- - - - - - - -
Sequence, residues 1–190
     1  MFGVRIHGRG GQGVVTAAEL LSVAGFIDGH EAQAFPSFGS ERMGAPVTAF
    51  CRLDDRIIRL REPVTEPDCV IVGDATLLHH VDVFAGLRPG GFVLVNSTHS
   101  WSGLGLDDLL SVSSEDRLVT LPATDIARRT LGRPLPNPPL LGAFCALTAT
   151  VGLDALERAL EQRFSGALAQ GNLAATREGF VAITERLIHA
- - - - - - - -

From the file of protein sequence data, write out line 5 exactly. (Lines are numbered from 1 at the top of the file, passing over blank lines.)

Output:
   151  VGLDALERAL EQRFSGALAQ GNLAATREGF VAITERLIHA